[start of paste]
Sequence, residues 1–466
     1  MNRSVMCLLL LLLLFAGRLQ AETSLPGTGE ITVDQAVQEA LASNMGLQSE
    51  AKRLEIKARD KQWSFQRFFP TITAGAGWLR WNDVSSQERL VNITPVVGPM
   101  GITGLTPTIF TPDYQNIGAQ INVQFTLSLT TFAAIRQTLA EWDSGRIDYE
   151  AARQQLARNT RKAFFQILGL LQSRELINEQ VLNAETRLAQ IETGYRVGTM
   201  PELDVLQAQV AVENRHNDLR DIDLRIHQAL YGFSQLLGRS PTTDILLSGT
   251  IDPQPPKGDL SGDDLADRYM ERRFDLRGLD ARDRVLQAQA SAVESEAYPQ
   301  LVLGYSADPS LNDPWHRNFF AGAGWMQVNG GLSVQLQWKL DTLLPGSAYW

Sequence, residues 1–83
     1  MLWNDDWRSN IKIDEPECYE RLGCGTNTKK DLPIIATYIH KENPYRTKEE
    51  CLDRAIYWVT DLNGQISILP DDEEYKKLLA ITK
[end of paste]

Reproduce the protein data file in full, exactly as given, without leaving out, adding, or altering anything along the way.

Sequence, residues 1–466
     1  MNRSVMCLLL LLLLFAGRLQ AETSLPGTGE ITVDQAVQEA LASNMGLQSE
    51  AKRLEIKARD KQWSFQRFFP TITAGAGWLR WNDVSSQERL VNITPVVGPM
   101  GITGLTPTIF TPDYQNIGAQ INVQFTLSLT TFAAIRQTLA EWDSGRIDYE
   151  AARQQLARNT RKAFFQILGL LQSRELINEQ VLNAETRLAQ IETGYRVGTM
   201  PELDVLQAQV AVENRHNDLR DIDLRIHQAL YGFSQLLGRS PTTDILLSGT
   251  IDPQPPKGDL SGDDLADRYM ERRFDLRGLD ARDRVLQAQA SAVESEAYPQ
   301  LVLGYSADPS LNDPWHRNFF AGAGWMQVNG GLSVQLQWKL DTLLPGSAYW

Sequence, residues 1–83
     1  MLWNDDWRSN IKIDEPECYE RLGCGTNTKK DLPIIATYIH KENPYRTKEE
    51  CLDRAIYWVT DLNGQISILP DDEEYKKLLA ITK